During Skloot and Deborah’s meeting with Christoph Lengauer, he emphasizes the importance of Henrietta Lacks’s contribution to science and how she is remembered in the medical community. He states, “Whenever we read books about science, it’s always HeLa this and HeLa that. Some people know those are the initials of a person, but they don’t know who that person is. That’s important history.”
Write a 525- to 700-word article that addresses the following:
- Evaluate whether the book effectively illustrates the significance of Henrietta Lacks’s life, her contributions to science, and their impact on her family. Answer the following questions in your evaluation:
- Are there problematic elements as to how Skloot portrays Lacks and her family?
- Do you agree with Lengauer’s quote that it is important to know about Henrietta Lacks? Why or why not?
- Explain how learning about Henrietta Lacks’s story helped you become a more ethical leader.
- Provide 2 to 3 examples of what medical professionals can do to prevent unethical practices.
Use 3 examples from the book to support your response and cite the novel.
- HEENT— Assess outer ear and note surrounding tissue, shape, color, and any lesions. Assess the external ear for discharge or any odor. Assess for the placement of a foreign object in ear. Assess for tenderness on the outer ear near the auricle and mastoid. Tenderness could indicate a possible infection. Use otoscope to assess external and middle ear. At this time, assess for erythema, lesions, and discharge. Inspect tympanic membrane for perforations. Assess the frontal and maxillary sinuses for swelling. No tenderness or swelling over the soft tissue should be present. Assess tonsils and inside of mouth for lesions, erythema, and swelling.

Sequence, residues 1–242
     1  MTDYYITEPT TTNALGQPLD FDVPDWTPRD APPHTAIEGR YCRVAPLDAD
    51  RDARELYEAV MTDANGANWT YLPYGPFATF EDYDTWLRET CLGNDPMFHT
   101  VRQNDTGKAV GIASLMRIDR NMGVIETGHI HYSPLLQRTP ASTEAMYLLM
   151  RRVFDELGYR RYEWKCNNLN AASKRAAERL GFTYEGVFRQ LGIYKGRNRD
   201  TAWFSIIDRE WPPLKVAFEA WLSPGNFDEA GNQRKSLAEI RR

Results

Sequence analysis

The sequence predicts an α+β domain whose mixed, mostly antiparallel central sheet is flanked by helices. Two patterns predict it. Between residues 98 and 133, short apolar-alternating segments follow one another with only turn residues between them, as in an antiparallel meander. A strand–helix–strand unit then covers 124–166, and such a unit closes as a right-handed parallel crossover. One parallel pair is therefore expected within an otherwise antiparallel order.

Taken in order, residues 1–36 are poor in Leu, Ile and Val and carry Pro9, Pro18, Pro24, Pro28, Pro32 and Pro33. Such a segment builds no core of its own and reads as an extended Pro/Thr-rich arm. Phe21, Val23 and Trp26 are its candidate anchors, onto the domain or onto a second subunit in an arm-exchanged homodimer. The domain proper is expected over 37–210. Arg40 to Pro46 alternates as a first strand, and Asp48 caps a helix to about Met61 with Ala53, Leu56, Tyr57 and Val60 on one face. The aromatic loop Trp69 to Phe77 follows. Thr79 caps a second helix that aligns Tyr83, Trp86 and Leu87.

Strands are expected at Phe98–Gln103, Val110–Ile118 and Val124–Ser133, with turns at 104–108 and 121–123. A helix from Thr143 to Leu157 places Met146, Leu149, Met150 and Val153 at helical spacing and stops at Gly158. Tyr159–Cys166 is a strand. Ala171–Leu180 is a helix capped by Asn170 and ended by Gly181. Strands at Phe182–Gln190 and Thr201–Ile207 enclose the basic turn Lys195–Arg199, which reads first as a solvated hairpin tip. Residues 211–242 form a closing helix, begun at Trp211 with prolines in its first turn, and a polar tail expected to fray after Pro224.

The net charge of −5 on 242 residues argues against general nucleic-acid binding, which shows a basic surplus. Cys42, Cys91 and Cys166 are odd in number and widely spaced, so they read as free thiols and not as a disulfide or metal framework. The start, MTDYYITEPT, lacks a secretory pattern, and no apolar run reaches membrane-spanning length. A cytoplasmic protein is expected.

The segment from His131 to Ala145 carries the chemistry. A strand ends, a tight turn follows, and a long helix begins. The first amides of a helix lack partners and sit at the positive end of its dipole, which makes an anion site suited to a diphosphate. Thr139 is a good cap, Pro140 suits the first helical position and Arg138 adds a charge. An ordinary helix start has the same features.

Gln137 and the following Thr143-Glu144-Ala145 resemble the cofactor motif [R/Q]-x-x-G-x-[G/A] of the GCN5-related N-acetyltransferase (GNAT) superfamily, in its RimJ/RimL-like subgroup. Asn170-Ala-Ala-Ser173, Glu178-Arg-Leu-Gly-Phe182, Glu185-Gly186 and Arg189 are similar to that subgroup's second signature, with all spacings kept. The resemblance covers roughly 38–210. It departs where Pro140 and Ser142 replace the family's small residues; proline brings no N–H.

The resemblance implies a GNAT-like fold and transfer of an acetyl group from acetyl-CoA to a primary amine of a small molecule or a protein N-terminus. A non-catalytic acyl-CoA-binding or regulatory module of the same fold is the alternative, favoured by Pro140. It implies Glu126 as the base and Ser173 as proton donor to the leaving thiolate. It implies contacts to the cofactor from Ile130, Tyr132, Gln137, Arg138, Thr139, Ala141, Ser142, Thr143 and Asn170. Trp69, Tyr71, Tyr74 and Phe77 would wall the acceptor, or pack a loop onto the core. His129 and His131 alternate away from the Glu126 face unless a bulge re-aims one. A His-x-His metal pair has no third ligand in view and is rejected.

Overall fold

- RESPIRATORY: Determine if upper respiratory infection is present, assess for clear lungs.
- Whispered Voice- Determines if patient is able to hear whispering. If they do not pass this test, hearing loss could be assumed. (Ball, Dains, Flynn, Solomon, Stewart, et al., 2015, p. 241).
- Weber Test- Determines unilateral hearing loss (Ball et al., 2015, p. 241).
- Rinne Test- Determines if the patient conducts sound better through bone or air. The patient should hear the sound conducted through the air twice as long (Ball et al., 2015, p. 241)
- Culture of ear fluid (Attlmayr, 2015).
- Otitis externa
- Often seen with individuals that swim. This infection is located on the outer ear. Pain is worse when an otoscope is inserted because sensitivity is on the outer ear. The outer portion of the ear is often inlamted and tender to touch. When inspecting the ear, the ear canal would appear narrow. Because of the narrowing, fluid is unable to drain from the ear (Rosenfeld et al., 2014).
- Otitis media
- Otitis media is a middle ear infection that usually presents unilaterally, hearing loss is present, and tympanic membrane is pink. Pus often forms inside the ear, which could cause perforation of the tympanic membrane. Ear pain, fever, difficulty hearing, irritability, and lethargy can also accompany this diagnosis. While examining the ear with the otoscope, erythema, dullness, decrease light reflex, and bulging of the tympanic membrane (Nash, 2013).
- Eustachian catarrh
- Often results after an upper respiratory infection. It would be essential to determine if the patient has has a recent upper respiratory tract infection. Fluid collects in the eustachian tube, which causes pain and trouble hearing (Nash, 2013).
- The growth of a skin tag inside the ear, behind the ear drum. The patient could be born with it or it can develop after several ear infections. It would be essential to determine if the patient has had frequent ear infections in the past (Chawla, Ezhil Bosco, Lim, Shenoy, & Krishnan, 2015).
- Mastoiditis is a common complication of acute otitis media. Pain, erythema, and tenderness are typically present alone the mastoid process (Attlmayr, 2015).